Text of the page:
With a new Cold War on the horizon between China and the United States, Russia will step in as the major beneficial actor, after the two superpowers are mutually exhausted. Both Washington and Beijing have been courting Moscow, each from its own perspective, to tilt the balance in the ongoing confrontation with the other. Putin will watch happily attempting to exploit his country’s leverage to manipulate developments to his advantage.
In the past century, the traditional Cold War between Washington and Moscow meant deep polarization across the globe. Countries were to choose on which side they stood. Bi-polar tension dominated international relations for decades.
This new Cold War is different: its objectives, tools and players are not the same anymore. Trade and the economy rather than nuclear weapons are the determinant factors of power in this era.
China and Russia are still ideologically similar, both standing against the West, but not as Communist comrades. Communism has been left behind as the embrace of market economics is firm.
Their relations are very much affected by each country’s relations with Washington. For example, when the US paved the way for China to join the WTO back in 2001, and Obama and Medvedev developed a positive relationship it was China that was left on the back seat.
Further back in time, China was ready to give up on its Soviet ally when President Richard Nixon paid his historical visit to China in 1972. During Trump's Presidency, mild steps of rapprochement were witnessed before relations deteriorated again.
Both China and Russia will break this “marriage of convenience” when one gets closer to Washington. Of course, contemplating total political and economic divorce between each other is unimaginable but toying with Washington’s affection is fun for both.
There’s a plus for Moscow when the US and China are at loggerheads. Russia can focus more attention and resources to maintain a high threat level to the European Union which still considers the country a primary security problem.
Moscow’s hard power policies in Georgia in 2008 and annexing Crimea in 2014 are two examples that conflict with China’s soft power strategies. Beijing is silently and gradually building its influence through mega economic plans similar to the Belt and Road Initiative.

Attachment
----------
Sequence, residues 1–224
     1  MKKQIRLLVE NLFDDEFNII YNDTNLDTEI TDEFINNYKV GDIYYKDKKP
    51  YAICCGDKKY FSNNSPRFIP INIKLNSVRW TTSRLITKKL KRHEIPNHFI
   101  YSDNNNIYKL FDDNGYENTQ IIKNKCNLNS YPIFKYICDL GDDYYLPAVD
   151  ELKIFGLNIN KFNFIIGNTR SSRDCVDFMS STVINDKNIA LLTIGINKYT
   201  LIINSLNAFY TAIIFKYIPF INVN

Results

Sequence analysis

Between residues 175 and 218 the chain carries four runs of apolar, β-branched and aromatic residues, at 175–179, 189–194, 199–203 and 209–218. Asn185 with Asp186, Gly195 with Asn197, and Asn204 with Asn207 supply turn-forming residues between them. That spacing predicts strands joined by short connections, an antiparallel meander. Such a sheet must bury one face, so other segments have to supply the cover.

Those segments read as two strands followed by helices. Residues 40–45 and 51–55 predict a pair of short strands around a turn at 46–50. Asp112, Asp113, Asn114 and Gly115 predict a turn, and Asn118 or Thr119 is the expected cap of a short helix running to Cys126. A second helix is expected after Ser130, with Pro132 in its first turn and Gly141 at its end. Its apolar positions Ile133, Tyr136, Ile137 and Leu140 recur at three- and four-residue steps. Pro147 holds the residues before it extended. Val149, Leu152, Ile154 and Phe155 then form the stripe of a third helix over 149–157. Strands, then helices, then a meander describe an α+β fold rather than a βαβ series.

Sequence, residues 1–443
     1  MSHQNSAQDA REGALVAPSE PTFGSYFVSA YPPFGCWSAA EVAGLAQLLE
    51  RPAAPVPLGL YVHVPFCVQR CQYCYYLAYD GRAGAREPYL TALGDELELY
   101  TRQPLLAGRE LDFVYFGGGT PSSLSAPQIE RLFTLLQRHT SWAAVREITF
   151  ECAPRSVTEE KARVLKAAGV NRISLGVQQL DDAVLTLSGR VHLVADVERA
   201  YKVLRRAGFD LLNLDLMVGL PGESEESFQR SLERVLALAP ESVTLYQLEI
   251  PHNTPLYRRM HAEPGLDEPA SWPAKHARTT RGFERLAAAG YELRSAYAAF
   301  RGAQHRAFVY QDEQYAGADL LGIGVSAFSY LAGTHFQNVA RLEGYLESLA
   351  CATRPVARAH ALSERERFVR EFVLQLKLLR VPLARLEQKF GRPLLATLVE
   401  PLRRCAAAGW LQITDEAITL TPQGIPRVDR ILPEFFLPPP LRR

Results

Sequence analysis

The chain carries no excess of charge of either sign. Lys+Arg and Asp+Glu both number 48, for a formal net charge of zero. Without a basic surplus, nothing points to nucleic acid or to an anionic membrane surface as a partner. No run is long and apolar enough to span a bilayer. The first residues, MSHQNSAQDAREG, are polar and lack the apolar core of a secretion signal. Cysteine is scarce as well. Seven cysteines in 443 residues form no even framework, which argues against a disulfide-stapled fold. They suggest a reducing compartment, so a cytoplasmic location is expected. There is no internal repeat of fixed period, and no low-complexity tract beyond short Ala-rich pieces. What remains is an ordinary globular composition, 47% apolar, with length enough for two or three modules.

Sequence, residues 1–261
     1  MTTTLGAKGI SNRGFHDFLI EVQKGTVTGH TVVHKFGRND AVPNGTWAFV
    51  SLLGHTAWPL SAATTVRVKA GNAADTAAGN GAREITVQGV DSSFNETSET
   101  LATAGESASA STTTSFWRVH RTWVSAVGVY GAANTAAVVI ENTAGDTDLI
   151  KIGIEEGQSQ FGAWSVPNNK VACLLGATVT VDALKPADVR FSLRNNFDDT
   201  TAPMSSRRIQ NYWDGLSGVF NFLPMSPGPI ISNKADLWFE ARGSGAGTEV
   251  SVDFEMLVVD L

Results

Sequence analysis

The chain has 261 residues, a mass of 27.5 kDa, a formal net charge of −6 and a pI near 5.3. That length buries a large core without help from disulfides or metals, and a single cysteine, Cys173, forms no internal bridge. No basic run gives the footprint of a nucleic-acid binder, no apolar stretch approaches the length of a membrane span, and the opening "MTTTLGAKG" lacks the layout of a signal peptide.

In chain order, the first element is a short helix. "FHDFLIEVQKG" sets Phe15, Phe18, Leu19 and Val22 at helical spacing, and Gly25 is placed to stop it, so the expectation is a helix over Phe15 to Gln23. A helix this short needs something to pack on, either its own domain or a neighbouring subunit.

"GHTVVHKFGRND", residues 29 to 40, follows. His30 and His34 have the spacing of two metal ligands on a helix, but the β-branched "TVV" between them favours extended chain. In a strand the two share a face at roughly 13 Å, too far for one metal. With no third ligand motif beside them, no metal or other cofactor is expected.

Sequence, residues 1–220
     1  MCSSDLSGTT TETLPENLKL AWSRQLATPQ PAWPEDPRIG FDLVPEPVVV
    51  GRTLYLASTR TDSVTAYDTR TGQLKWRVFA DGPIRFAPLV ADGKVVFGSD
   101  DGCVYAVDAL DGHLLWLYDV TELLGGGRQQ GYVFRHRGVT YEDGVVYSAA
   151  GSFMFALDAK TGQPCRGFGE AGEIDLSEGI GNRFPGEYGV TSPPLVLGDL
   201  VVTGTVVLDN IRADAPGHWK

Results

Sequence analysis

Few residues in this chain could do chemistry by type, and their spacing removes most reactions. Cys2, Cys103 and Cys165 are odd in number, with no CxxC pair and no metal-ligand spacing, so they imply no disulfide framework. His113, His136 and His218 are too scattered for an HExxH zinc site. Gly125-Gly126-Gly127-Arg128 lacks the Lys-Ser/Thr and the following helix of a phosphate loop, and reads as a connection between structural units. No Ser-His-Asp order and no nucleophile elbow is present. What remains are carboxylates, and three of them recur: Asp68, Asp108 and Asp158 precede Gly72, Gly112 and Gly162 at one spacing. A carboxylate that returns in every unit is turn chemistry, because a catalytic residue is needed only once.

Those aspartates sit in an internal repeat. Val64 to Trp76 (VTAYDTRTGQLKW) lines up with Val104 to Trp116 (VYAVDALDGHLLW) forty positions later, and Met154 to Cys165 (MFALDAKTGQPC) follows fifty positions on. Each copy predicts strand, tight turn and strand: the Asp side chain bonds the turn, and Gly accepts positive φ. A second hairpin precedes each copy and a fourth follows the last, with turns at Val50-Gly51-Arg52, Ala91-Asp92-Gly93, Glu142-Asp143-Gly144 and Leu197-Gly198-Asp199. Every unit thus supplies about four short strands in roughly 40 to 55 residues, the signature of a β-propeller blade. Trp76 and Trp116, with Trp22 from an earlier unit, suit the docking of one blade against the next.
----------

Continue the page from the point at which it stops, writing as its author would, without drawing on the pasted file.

Chinese Foreign Direct Investment in Africa in 2019 totaled $110 billion, almost double that of American investments on the continent which reached almost $42 billion in the same year.
The EU’s priority is substantially different from that of the US. This is again where Moscow can benefit to advance its standing in the new Cold War. What is the unquestionable priority for Washington, is less so for its strongest allies in Europe.
China can manipulate Russia too. By meddling in Central Asia, which Moscow considers its own backyard, mutual accusations of espionage are examples of the two powers combat for their own interests.
In international relations, there is no such thing as full harmony between two states, regardless of how close they are and no matter how they confront a common enemy together. China and Russia are not an exception.
A more manipulative Russian approach in the new Cold War will also send signals to China that Moscow is not simply a follower, it has power to do more than that.
Moscow can advance as Washington and Beijing are stuck within the framework of a Thucydides trap where a dangerous dynamic occurs when a rising power threatens to displace the ruling order.
Despite the fact that Russia lags behind economically in comparison to China and the US, it is powerful enough to reserve its place at the big table.
The constantly changing relations that exist between the three states reminds of George Orwell's novel, “1984.” Three superpowers manipulating the status quo to conspire to allow two at war and one always at peace. We are now witnessing the giant powers morph their position on the global stage depending on the moment.